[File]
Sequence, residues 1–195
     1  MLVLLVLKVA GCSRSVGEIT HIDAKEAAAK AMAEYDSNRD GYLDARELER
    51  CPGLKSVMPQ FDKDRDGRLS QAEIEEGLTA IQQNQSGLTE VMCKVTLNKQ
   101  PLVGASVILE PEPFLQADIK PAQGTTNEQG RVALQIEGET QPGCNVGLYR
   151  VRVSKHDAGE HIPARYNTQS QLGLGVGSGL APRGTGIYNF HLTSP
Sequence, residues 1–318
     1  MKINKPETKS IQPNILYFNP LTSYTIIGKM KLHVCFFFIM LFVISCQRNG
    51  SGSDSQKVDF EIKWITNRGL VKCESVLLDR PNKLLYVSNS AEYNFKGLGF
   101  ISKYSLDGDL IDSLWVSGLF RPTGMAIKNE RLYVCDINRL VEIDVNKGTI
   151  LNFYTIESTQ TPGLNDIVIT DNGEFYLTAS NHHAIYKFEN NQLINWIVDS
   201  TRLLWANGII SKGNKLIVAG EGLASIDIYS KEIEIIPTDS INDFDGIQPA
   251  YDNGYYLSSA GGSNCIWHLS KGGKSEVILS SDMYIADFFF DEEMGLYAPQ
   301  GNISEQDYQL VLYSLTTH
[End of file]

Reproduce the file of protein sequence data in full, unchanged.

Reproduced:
Sequence, residues 1–195
     1  MLVLLVLKVA GCSRSVGEIT HIDAKEAAAK AMAEYDSNRD GYLDARELER
    51  CPGLKSVMPQ FDKDRDGRLS QAEIEEGLTA IQQNQSGLTE VMCKVTLNKQ
   101  PLVGASVILE PEPFLQADIK PAQGTTNEQG RVALQIEGET QPGCNVGLYR
   151  VRVSKHDAGE HIPARYNTQS QLGLGVGSGL APRGTGIYNF HLTSP
Sequence, residues 1–318
     1  MKINKPETKS IQPNILYFNP LTSYTIIGKM KLHVCFFFIM LFVISCQRNG
    51  SGSDSQKVDF EIKWITNRGL VKCESVLLDR PNKLLYVSNS AEYNFKGLGF
   101  ISKYSLDGDL IDSLWVSGLF RPTGMAIKNE RLYVCDINRL VEIDVNKGTI
   151  LNFYTIESTQ TPGLNDIVIT DNGEFYLTAS NHHAIYKFEN NQLINWIVDS
   201  TRLLWANGII SKGNKLIVAG EGLASIDIYS KEIEIIPTDS INDFDGIQPA
   251  YDNGYYLSSA GGSNCIWHLS KGGKSEVILS SDMYIADFFF DEEMGLYAPQ
   301  GNISEQDYQL VLYSLTTH